2011-03-01 03:21:44 PM

BullBearMS: You have to laughably stupid to think that our sold out Congress can be trusted with the power to force citizens to purchase whatever their wealthy donor friends would like you to purchase.

*derp* Surely this power would never be misused! *derp* *derp*

This is Patriot Act level stupidity.


As compared to leaving it the way it was? Really?

Paying more than other countries, large percentages of us unable to afford any care at all -- that's better?
 
2011-03-01 03:22:32 PM
I really hope this guy didn't teach Con Law or Civ Pro at NY.
First, jury duty is considered a "right" not a "duty". Comparing the health law mandate and jury duty is mixing apples with oranges and makes this guy look like an idiot. Secondly, as for the draft analogy, FTA: "commerce clause" or the "necessary and proper clause." The guy just refuted his own farking point.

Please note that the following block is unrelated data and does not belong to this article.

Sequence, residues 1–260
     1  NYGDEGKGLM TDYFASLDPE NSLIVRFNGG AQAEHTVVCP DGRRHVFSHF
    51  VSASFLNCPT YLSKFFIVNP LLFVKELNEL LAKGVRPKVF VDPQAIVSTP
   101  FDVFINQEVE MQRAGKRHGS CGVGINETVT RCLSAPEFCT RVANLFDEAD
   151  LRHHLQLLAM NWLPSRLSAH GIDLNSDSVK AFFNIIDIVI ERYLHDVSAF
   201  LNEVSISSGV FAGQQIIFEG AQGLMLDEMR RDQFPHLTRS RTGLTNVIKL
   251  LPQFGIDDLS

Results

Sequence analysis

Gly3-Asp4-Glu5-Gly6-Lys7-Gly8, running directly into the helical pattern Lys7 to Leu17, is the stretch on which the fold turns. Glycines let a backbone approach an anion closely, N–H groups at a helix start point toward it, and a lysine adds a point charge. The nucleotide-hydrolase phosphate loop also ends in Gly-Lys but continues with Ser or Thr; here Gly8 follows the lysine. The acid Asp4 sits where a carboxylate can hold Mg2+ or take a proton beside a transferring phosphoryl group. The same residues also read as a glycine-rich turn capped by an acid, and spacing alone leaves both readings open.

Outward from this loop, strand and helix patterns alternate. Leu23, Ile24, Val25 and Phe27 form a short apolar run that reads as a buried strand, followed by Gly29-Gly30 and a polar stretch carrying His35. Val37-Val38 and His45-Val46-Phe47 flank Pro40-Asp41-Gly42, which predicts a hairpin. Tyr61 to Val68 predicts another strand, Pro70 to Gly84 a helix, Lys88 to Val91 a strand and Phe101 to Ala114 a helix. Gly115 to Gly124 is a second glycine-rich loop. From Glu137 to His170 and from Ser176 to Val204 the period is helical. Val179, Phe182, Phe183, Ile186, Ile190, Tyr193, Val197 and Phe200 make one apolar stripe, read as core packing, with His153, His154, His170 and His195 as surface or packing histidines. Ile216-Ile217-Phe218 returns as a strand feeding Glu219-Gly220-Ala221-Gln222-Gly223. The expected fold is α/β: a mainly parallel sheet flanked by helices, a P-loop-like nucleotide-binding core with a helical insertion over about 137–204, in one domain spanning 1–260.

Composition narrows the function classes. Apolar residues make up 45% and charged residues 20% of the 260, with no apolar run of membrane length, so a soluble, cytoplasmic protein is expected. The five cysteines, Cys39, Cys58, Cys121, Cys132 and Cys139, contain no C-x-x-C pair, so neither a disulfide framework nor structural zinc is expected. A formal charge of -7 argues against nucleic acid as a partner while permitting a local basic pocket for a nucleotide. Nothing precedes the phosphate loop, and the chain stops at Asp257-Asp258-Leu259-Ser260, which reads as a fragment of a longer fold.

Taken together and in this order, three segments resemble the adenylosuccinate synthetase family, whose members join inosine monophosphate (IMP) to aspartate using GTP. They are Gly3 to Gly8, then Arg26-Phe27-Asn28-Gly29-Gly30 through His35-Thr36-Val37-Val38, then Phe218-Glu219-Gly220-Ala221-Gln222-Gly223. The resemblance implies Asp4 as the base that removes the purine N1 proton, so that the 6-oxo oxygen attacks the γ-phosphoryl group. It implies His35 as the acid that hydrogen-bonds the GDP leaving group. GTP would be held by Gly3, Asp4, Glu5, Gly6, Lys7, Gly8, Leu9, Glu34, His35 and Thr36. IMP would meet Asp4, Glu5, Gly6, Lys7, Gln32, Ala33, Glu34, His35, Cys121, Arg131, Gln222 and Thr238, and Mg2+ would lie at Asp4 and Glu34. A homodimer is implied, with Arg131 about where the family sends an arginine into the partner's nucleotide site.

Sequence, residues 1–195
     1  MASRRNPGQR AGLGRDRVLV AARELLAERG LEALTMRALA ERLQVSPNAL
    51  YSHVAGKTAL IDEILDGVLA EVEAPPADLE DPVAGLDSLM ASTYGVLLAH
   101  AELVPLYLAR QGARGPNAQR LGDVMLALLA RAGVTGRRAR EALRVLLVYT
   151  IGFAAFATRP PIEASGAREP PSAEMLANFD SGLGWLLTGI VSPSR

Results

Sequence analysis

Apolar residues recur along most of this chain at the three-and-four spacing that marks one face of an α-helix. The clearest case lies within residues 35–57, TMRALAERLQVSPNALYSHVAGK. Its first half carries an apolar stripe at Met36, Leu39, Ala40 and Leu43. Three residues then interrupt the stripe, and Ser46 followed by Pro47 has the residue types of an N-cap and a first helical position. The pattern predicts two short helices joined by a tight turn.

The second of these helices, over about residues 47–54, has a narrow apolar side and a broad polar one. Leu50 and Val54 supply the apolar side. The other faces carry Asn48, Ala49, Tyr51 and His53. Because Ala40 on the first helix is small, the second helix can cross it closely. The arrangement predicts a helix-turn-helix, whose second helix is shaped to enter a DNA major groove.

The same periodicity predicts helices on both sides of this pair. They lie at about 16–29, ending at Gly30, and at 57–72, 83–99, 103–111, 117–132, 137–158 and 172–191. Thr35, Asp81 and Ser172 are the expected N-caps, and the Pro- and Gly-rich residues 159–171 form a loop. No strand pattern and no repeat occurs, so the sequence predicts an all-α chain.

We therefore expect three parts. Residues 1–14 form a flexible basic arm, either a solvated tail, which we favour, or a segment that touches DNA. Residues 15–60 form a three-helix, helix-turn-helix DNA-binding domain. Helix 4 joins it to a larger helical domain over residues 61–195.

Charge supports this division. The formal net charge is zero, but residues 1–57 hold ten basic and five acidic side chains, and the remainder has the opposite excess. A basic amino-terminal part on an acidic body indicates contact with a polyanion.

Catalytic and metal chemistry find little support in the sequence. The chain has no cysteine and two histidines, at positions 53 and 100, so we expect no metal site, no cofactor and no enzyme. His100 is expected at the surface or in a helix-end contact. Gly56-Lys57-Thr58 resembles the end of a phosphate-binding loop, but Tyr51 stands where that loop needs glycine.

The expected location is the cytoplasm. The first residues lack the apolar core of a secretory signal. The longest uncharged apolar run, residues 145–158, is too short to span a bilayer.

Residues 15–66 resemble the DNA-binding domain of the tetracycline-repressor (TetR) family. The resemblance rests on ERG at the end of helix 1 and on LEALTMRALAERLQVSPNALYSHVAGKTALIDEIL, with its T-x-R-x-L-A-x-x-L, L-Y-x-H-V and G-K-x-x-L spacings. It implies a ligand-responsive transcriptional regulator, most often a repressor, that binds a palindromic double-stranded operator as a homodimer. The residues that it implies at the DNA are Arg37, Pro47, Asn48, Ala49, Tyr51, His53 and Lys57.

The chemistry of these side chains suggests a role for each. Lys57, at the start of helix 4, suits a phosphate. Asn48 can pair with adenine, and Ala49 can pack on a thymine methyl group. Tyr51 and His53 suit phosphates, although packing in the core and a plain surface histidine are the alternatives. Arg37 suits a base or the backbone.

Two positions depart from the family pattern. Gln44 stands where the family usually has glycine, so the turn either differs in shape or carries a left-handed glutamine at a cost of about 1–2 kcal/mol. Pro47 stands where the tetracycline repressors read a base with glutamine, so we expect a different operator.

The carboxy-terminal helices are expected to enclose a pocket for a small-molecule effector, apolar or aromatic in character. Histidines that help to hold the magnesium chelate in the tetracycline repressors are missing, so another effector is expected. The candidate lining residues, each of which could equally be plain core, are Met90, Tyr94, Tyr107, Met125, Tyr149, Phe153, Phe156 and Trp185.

/Hates bad lawyers.
 
2011-03-01 03:22:58 PM

BullBearMS: You have to laughably stupid to think that our sold out Congress can be trusted with the power to force citizens to purchase whatever their wealthy donor friends would like you to purchase.

*derp* Surely this power would never be misused! *derp* *derp*

This is Patriot Act level stupidity.


The fact that a power can be misused is not a meaningful argument against the use of that power. There is not a single governmental power that could not be "misused." Taxes can be set too high, the draft can be used for unjust and illegal wars, criminal sentences can be too harsh etc. etc. etc.

The defense against misuse of government powers in a democracy is the ballot box (and the courts), not attempting to strip the government of its powers in the first place.
 
2011-03-01 03:23:35 PM